4 Ways to Think about Food Triggers

My husband and I went away recently and while the destination was relaxing and fun, it was also full of triggers.  You know, the kind of triggers that set you off running in the wrong direction and it takes every thing within you to rein yourself in again.

For those of you familiar with Michigan’s beautiful Mackinac Island you know you can’t go there without indulging in what they’re famous for.  So for me, just the environment alone can trigger eating urges.

The second trigger is the feeling that Mackinac Island gives me.  It’s a favorite vacation spot for my family while I was growing up and holds many, many happy memories, and yes, that sweet indulgence is one of the memories. It brings back good feelings. Crazy isn’t it?

The third trigger for me is the smell.  I swear they purposely pump the buttery, chocolate, sweet, sugary, smell out onto the streets so within a block of roadway, you have approximately 10 stores all making the same thing. And boy oh boy, the smell alone will make you lose your way and forget who you are. If there’s some way you could bathe in this stuff it would be less fattening.

And then finally the last trigger for me the food itself - the fudge.  One bite and it’s hard to stop. Just one more nibble, and I swear (I tell myself) THAT’S IT.   It’s amazing how the urge can be overwhelming and before you know it you’re wiping the back of your hand across your mouth while the thick, sweetness hangs around your mouth (and taste buds) a little longer than usual.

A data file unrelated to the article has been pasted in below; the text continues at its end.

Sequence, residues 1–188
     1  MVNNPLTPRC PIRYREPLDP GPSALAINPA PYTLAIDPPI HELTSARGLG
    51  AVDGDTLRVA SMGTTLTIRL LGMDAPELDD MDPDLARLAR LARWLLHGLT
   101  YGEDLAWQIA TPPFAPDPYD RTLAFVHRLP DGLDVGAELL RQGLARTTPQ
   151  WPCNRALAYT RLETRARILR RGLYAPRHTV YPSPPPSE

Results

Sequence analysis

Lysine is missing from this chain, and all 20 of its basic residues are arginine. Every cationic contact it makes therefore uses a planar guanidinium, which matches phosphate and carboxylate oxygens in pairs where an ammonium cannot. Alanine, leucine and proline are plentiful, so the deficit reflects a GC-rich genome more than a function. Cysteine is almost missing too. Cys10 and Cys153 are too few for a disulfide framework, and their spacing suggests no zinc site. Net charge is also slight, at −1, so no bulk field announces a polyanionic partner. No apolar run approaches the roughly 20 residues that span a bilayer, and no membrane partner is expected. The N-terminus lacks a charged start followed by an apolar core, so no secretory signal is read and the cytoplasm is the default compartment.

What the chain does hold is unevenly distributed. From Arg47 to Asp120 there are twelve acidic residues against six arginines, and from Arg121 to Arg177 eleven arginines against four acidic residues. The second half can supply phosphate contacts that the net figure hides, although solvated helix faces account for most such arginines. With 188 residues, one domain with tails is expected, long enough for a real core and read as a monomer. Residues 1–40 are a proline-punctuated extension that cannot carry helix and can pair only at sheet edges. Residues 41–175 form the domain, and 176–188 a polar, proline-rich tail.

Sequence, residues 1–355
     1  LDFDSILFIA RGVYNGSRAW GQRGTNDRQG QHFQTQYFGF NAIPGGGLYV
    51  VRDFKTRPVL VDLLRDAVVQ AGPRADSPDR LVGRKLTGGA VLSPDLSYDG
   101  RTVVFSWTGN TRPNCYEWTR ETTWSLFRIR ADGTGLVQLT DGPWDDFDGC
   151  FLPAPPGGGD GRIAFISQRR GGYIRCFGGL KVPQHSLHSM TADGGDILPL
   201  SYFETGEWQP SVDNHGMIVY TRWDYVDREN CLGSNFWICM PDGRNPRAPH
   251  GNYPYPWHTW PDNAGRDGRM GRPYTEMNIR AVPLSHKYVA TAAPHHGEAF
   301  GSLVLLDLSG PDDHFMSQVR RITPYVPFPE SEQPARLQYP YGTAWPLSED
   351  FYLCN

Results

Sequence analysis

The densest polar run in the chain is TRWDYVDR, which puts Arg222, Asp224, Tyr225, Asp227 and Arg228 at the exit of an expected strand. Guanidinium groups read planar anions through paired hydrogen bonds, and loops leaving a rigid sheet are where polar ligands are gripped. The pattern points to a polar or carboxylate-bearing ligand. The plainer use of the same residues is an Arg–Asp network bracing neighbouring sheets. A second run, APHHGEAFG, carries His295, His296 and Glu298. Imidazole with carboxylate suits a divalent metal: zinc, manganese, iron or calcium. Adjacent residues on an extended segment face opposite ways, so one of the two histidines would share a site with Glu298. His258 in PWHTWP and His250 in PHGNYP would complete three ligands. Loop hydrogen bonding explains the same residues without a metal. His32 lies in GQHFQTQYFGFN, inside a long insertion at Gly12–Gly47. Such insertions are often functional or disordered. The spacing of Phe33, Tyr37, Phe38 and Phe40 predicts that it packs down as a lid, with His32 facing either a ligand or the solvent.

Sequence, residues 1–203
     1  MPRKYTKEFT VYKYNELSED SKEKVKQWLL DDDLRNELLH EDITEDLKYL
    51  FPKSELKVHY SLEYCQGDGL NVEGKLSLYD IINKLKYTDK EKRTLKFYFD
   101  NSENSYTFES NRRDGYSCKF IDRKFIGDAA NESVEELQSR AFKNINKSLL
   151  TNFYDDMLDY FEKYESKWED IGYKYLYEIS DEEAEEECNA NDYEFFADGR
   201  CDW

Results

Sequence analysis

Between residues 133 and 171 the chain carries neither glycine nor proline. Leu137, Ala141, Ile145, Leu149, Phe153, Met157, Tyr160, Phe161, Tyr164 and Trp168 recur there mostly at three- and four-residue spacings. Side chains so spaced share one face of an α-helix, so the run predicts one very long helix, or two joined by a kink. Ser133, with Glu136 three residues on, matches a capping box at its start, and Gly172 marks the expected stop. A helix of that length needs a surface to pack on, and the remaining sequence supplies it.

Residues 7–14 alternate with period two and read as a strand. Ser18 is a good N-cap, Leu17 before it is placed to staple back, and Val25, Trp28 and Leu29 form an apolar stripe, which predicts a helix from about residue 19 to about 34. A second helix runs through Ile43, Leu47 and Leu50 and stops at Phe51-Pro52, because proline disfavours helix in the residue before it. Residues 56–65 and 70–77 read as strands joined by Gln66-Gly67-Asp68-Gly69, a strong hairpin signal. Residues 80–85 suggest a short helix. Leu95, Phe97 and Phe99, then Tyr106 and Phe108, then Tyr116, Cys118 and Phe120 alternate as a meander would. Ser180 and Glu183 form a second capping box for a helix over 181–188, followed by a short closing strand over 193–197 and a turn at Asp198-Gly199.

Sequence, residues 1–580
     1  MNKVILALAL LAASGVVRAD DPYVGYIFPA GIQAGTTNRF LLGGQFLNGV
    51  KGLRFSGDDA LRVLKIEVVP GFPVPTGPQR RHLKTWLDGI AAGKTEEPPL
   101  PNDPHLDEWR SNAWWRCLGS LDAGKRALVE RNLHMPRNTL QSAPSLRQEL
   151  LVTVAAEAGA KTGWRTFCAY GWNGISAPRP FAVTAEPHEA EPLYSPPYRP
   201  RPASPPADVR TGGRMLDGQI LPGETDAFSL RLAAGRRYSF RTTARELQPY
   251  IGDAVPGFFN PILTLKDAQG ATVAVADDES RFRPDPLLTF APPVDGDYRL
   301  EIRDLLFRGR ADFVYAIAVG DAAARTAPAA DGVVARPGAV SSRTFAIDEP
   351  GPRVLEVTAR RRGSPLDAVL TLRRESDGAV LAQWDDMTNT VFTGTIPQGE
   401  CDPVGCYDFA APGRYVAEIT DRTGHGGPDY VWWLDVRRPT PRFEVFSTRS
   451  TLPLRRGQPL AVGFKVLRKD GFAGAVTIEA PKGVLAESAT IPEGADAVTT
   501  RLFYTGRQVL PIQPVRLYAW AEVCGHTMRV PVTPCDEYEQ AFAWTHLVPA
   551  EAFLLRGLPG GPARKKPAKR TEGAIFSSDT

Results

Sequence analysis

The bottom line is there are triggers all around us, and for the most part, when we’re in our daily routines we can more easily manage those food triggers that trip us up. But every now and then you go away, and even though you know what to expect, you can still succumb to the sinful pleasures.

Here are some helpful things to think about:

1.  Triggers do not automatically make eating happen. Your thinking determines whether or not you partake.

2.  Sabotaging thoughts makes all the difference between successful dieters and unsuccessful dieters.  Successful dieters learn to master their thinking when confronted with a trigger.

3.  Know what your triggers are to help minimize your exposure to them.

4.  If all the triggers overcome you (like my visit to Mackinac Island), have some. But don’t keep eating, and eating, and eating the trigger food.

I know that I’ve changed my thinking because of my attitude towards the whole “fudge ordeal.”  I had some fudge while on the island but didn’t feel the need to bring home a month’s supply - like I would have before.  I can have some and it will satisfy my desire or need but I don’t have to hoard it, beg, borrow or steal to have pounds of fudge on hand. I get it. I finally get it.

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